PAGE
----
Pictures which prove you don't have to go to Iceland to see the Northern Lights

The Northern Lights over St Mary's Lighthouse near Whitley Bay. Pic: Owen Humphreys/PA Wire.
The Northern Lights over St Mary's Lighthouse near Whitley Bay. Pic: Owen Humphreys/PA Wire.

Sky watchers seeking a Northern Lights display often think their best chance lies in Iceland.

But pictures taken by a North East photographer have showed otherwise.

The Northern Lights, or Aurora Borealis, shining over the Bathing House in Howick, Northumberland. Pic: Owen Humphreys/PA Wire.

The Northern Lights, or Aurora Borealis, shining over the Bathing House in Howick, Northumberland. Pic: Owen Humphreys/PA Wire.

Aurora borealis-chaser Owen Humphreys, 44, from Whitley Bay, North Tyneside, has a special interest in the Northern Lights and has taken spectacular photographs of the phenomenon.

The award-winning photographer, who has been at the Press Association for more than 20 years, said his interest is bordering on being a "small obsession".

Mr Humphreys began searching for thrilling light shows in the skies above the north of England around three years ago.

He has driven thousands of miles and sat waiting for hours on end in a bid to capture moments of natural wonder in the night sky.

The Northern Lights over Alnmouth in Northumberland at the St Cuthbert's Cross, which is said to be the location where St Cuthbert agreed to become Bishop of Lindisfarne. Pic: Owen Humphreys/PA Wire.

The Northern Lights over Alnmouth in Northumberland at the St Cuthbert's Cross, which is said to be the location where St Cuthbert agreed to become Bishop of Lindisfarne. Pic: Owen Humphreys/PA Wire.

Reflecting on his first night of sky watching with his camera back in February 2014, Mr Humphreys said: "Seeing the aurora and my results, which I have to say were not the best technically, I became very interested in the Northern Lights.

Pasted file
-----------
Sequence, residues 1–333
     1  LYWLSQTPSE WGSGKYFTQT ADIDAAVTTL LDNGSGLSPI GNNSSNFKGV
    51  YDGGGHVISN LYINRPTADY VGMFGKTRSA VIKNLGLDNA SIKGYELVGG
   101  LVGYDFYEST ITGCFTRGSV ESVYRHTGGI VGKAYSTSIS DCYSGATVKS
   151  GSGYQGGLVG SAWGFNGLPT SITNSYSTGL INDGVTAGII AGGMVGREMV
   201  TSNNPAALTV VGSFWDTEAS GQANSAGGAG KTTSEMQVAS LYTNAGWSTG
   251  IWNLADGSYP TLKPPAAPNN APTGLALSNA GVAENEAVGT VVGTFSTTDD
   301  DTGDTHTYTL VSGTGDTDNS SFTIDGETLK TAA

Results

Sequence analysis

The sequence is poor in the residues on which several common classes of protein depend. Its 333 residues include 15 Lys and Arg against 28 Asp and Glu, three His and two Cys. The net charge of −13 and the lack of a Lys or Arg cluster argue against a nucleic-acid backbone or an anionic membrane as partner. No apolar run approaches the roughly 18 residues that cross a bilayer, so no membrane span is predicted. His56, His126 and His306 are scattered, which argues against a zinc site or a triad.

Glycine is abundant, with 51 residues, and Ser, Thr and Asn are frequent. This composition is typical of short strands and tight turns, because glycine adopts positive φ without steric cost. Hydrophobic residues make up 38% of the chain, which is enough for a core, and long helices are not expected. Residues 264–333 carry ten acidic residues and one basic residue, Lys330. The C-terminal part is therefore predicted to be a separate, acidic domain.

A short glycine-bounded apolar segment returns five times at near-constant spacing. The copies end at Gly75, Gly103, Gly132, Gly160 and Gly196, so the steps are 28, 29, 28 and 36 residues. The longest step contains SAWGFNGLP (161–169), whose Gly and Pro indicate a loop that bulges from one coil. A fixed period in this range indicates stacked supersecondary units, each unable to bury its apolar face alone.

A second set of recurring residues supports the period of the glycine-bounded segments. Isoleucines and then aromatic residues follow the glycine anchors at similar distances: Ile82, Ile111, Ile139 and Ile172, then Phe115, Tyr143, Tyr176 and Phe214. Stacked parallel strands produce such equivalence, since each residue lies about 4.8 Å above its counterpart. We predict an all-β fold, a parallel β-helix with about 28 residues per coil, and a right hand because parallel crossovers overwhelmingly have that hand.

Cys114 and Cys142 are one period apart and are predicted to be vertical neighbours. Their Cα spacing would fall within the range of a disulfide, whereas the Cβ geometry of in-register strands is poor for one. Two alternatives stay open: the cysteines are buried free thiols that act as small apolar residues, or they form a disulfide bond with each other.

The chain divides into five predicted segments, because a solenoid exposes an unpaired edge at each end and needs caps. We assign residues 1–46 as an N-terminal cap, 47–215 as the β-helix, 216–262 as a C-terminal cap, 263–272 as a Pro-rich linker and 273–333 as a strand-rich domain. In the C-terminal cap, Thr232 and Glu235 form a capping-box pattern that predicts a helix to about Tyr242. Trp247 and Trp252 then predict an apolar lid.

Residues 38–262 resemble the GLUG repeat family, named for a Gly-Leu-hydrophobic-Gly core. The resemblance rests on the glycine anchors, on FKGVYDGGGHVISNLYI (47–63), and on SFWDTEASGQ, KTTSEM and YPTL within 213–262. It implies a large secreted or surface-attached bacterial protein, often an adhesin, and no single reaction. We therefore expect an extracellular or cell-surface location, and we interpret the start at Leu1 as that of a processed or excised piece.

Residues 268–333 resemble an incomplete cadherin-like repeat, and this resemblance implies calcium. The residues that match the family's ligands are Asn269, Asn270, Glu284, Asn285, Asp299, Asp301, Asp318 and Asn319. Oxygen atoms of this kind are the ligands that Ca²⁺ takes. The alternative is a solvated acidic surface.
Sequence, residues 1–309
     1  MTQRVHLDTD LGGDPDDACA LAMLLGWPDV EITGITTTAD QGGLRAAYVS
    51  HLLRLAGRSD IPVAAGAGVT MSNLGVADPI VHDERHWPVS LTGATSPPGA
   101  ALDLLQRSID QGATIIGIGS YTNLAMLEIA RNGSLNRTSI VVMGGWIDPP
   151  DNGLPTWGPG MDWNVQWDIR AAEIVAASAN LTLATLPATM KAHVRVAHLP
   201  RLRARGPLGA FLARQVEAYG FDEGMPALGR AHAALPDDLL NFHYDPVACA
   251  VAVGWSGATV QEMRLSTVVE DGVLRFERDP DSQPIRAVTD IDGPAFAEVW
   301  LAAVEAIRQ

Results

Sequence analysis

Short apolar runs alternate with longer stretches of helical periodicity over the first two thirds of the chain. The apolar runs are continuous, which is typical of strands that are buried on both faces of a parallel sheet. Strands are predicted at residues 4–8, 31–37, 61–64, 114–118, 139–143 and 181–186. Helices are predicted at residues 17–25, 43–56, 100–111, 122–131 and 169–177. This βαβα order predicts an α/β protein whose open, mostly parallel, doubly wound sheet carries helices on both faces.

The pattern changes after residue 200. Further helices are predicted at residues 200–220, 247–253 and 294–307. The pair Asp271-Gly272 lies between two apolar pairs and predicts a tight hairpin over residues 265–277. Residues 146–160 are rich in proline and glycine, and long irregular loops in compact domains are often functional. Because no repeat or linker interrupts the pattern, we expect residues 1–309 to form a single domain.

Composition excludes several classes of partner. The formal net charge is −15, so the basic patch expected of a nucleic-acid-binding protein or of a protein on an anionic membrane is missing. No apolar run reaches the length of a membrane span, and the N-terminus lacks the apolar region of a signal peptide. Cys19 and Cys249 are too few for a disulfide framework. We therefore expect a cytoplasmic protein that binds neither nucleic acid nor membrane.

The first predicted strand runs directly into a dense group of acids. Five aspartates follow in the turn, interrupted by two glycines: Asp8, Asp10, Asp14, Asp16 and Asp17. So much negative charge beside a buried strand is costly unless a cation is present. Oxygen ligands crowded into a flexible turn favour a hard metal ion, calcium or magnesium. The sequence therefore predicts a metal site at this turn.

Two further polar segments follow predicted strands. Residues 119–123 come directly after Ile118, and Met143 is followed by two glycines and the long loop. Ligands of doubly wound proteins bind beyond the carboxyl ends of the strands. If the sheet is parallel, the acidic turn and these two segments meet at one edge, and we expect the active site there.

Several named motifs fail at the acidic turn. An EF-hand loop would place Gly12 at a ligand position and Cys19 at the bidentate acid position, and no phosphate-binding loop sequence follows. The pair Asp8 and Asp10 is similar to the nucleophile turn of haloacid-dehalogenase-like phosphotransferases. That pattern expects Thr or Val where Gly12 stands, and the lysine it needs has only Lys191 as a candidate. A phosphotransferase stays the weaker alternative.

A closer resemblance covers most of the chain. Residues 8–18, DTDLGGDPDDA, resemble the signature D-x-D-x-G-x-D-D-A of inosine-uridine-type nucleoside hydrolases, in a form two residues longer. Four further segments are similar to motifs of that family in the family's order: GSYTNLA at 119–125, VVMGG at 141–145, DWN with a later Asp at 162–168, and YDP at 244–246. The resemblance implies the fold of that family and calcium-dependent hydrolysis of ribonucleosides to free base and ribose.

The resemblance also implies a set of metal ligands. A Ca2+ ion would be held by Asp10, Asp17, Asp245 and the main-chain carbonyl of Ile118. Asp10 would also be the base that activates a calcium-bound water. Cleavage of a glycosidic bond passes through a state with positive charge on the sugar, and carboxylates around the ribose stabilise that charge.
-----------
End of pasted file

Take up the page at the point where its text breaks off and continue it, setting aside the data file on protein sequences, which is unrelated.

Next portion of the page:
"I wanted to show people, in pictures, what was going on sometimes in the skies at night when most folk are asleep, and show that you could actually capture the Northern Lights without travelling to the far North such as Iceland.

"My aim was to get as many famous or interesting landmarks across the north of England stretching up into Northumberland and into Cumbria's Lake District.

"So far I have been lucky enough to see some amazing displays and capture them in pictures."

The Northern Lights, or Aurora Borealis, shining over Derwentwater, near Keswick in the Lake District. Pic: Owen Humphreys/PA Wire.

The Northern Lights, or Aurora Borealis, shining over Derwentwater, near Keswick in the Lake District. Pic: Owen Humphreys/PA Wire.

Mr Humphreys said the thrill of the aurora borealis chase can be addictive, adding that he has often sat waiting for five or seven hours at a time and seen nothing.

But he said perseverance pays off, and he has been lucky enough to witness "some of the strongest displays seen in the UK".

He said: "I think the not knowing how strong or what you're going to see makes it addictive.

"You can plan where you are going to a certain degree, but you can't plan the weather or power of the aurora. The not knowing is the catch."

Discussing whether the photographs are photoshopped, he said "yes and no", adding: "Not to the degree some people think."

Mr Humphreys said the camera picks up more than the naked eye, adding: "When I get my pictures back and on to the computer I only have to do what you would do normally to most images from a digital camera.

"I call it adjusting, ie, some contrast, a slight sharpen up, and darken or lighten the image. Be careful not to do too much to the pictures."

Among his favourite places to see the aurora borealis in the north of England are St Mary's Lighthouse in Whitley Bay, and Dunstanburgh Castle, Bamburgh Castle and Holy Island, all on the Northumberland coast.

He also likes Hadrian's Wall and Kielder Forest in Northumberland, and Derwentwater and Ullswater.

Mr Humphreys said there are so many aspects, including weather and space weather, that have to fall into place.

"Don't think for one minute you can just turn up and see them or you will be very disappointed.

"The best advice I can give is get out and give it a go - and stay safe, as some of these locations are coastal and fairly remote," he said.